A description of “The Underpants”, adapted by THAT Steve Martin, which appears on the King’s Town Players website, suggests that the play is a “crazy satire…about scandal and celebrity“. This particular production, however, treats the script as a farce about little more than…well…underpants. The premise of the play is sound and intriguing. Louise, the neglected wife of a blowhard bureaucrat, finds herself the centre of attention after her underpants fall down around her ankles at a public event. Her egocentric husband fears scandal, while her neighbour and confidant senses opportunity. Sure enough, two suitors arrive hoping to rent a room in the house and win the affections of Louise. Unfortunately, this staging appears to place little emphasis on telling the story. The objective, instead, seems to be to get to the next gag.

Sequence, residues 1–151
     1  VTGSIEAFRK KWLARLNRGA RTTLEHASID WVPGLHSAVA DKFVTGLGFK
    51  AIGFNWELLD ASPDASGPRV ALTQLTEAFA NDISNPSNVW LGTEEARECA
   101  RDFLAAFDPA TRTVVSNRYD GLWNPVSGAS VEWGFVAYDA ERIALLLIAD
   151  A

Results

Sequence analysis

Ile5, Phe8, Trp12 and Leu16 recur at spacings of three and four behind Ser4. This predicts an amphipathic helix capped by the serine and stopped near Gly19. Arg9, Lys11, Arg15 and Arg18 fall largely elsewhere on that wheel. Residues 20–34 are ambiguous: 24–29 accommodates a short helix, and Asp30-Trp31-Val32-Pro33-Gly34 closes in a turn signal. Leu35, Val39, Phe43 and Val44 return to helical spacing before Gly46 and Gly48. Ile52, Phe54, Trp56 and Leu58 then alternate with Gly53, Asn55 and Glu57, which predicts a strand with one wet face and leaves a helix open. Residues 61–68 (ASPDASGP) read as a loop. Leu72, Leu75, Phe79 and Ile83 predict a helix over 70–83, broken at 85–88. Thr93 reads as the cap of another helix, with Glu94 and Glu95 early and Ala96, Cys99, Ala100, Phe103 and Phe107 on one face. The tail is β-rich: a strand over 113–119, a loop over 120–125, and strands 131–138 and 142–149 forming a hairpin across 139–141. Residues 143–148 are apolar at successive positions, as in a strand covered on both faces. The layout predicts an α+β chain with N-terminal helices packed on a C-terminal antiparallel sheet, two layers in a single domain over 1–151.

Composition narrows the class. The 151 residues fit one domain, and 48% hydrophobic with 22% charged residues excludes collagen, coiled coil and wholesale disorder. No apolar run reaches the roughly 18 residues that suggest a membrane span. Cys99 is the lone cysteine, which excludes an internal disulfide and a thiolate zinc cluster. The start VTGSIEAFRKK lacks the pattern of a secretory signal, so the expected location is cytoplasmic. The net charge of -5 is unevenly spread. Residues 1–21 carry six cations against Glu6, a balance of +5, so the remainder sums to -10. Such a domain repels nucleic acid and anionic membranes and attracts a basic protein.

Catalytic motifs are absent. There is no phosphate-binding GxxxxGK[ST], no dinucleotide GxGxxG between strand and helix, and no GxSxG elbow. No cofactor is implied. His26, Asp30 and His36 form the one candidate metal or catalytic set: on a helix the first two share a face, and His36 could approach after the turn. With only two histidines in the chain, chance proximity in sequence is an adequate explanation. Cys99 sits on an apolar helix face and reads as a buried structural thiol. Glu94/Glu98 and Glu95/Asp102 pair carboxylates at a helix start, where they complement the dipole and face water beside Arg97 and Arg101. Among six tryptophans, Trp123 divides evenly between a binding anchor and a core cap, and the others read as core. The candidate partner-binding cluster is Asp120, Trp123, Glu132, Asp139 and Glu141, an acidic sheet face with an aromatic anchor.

Most good comedy is developed and delivered as a one-two blow – the first being the set up, and the next being the punch line. Martin’s genius, however, is his ability to turn that on its head, and use the overt punch line to set up the real gem buried within the witty zinger to follow. It’s a slight of hand, akin to the magic that Martin is so fond of. Director Clayton Garrett’s treatment of the script as farce places far greater focus on the slapstick over the subtlety, and a great deal of the playwrights’s biting commentary is lost. (more…)